In " The Devil and Tom Walker," what are 3 actions Tom takes to change his life after making the deal with the devil?
Tom becomes a money-lender, exacting "good pay and security," by charging higher fees to those who most needed the credit he could offer. In the process, he becomes very wealthy. He built a "vast house" with all the money he had (though he was too cheap to furnish it) and he even bought a carriage (but wouldn't feed the horses enough, because it was too expensive.) As he gets older, "having secured the good things of this world, he began to feel anxious about the next." He also, as an inveterate cheapskate, begins to think of ways that he might cheat Old Scratch out of his due. The first thing he does is to begin attending church regularly, where he is very ostentatious in his displays of faith. He prays "loudly and strenuously," and makes a point of passing judgment on his fellow churchgoers, most of whom had not discovered faith as late as he had. The second thing he did was to begin carrying a Bible around at all times, and to have a large copy on his desk while he made his business deals. Finally, it was rumored that, as he got older and more "crack-brained," Tom had his horse shod and buried with its feet sticking up, because he thought that when the world came to an end, everything would be turned upside down. He thought the horse would be ready for him to quickly flee the wrath of Old Scratch. Of course, these efforts at eluding Old Scratch are in vain, and the devil gets his due, so to speak.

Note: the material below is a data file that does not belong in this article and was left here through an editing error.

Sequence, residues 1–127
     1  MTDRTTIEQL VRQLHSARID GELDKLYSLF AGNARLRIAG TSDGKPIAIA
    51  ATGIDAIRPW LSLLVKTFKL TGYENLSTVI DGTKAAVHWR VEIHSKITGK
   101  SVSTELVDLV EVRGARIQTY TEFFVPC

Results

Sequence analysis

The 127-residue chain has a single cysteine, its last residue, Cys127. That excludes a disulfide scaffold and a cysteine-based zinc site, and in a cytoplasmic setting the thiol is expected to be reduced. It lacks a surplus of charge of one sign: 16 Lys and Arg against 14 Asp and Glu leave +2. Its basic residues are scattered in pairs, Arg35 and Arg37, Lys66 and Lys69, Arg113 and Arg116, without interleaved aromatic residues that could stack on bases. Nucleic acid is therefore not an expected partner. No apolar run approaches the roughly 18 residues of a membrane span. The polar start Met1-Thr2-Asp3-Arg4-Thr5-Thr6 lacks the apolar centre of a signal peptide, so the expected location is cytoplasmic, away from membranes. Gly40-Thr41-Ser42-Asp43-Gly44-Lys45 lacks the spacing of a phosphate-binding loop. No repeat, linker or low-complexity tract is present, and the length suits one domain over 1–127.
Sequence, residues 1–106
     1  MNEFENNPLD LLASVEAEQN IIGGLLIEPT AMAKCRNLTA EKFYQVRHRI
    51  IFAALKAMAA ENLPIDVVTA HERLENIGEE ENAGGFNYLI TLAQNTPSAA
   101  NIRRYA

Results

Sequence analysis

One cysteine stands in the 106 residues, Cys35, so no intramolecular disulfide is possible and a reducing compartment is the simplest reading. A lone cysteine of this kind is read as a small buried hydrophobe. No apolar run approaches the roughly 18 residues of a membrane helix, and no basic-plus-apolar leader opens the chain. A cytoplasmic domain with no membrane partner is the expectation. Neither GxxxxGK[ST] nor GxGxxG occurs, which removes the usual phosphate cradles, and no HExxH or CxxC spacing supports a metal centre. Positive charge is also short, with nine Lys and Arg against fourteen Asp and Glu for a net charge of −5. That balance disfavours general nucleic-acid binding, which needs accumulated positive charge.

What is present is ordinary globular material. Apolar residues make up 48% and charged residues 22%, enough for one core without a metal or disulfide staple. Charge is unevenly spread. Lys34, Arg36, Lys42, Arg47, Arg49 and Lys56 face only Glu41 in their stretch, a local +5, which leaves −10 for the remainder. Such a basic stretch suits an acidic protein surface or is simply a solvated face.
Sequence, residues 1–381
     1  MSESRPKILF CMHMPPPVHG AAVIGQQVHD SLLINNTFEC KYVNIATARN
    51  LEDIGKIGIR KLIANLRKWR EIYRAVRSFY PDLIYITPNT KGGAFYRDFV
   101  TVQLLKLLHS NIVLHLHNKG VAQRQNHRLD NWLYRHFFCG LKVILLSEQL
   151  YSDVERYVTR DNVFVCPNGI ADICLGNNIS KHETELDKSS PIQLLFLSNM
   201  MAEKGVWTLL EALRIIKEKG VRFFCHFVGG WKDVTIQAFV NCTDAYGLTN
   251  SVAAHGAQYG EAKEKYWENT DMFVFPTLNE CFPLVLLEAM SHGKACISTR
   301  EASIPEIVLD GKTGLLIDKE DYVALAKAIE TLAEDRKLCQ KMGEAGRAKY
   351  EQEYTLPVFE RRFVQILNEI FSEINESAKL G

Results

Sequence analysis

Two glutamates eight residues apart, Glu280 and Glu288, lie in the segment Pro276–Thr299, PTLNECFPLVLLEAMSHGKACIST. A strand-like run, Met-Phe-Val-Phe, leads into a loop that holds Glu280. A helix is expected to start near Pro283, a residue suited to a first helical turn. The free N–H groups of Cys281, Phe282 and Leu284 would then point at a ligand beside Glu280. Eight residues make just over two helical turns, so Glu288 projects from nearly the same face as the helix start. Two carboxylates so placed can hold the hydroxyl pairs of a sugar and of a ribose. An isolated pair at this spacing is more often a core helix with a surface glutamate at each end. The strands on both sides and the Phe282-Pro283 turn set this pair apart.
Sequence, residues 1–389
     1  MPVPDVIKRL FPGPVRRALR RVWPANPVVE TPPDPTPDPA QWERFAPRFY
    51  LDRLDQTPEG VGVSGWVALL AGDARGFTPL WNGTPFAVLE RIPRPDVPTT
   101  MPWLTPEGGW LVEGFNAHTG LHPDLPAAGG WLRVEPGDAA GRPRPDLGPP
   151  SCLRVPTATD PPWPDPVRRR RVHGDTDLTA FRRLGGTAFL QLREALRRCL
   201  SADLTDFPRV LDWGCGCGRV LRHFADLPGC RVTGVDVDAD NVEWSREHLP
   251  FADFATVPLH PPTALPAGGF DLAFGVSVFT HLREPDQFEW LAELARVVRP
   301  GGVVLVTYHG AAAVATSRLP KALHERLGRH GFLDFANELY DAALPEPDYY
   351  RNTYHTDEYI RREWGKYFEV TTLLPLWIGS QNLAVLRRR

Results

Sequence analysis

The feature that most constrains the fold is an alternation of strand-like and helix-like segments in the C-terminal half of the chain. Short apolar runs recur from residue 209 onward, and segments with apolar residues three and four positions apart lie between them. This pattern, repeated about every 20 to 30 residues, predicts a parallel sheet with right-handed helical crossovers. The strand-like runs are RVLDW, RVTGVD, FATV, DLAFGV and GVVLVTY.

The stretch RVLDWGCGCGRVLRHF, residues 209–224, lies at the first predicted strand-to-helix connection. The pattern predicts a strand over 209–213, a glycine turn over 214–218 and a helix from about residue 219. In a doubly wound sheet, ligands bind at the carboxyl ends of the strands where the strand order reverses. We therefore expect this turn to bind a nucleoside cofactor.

After making his deal with the Devil, Tom Walker becomes a usurer, becoming a wealthy and "mighty man." However, as he grows older, Tom regrets the bargain which he has made. So, he tries to make up for his sins by doing the following:
- He became a "violent churchgoer," praying loudly if he had sinned.
- He censures his neighbors's sins
- He carries a Bible in his coat pocket.
As Tom grows older, he begins to worry about the next life, pondering with regret now on the bargain that he has made with Old Scratch. So, he sets out to cheat Old Scratch of the bargain for his soul, hoping to retrieve his soul before he dies. He, therefore, becomes very rigid in his religion. But, because he feels that the Devil will "have his due," Tom carries the Bible with him. Nevertheless, his true nature emerges. One day there are three loud knocks at the door of his business. Outside stands a black man with a black horse, which stamps with impatience. "Tom, you're come for," said the black man, and Tom shrinks back in fear. The black man whisks Tom off with Tom on his back as he gallops away, and Tom Walker never returns.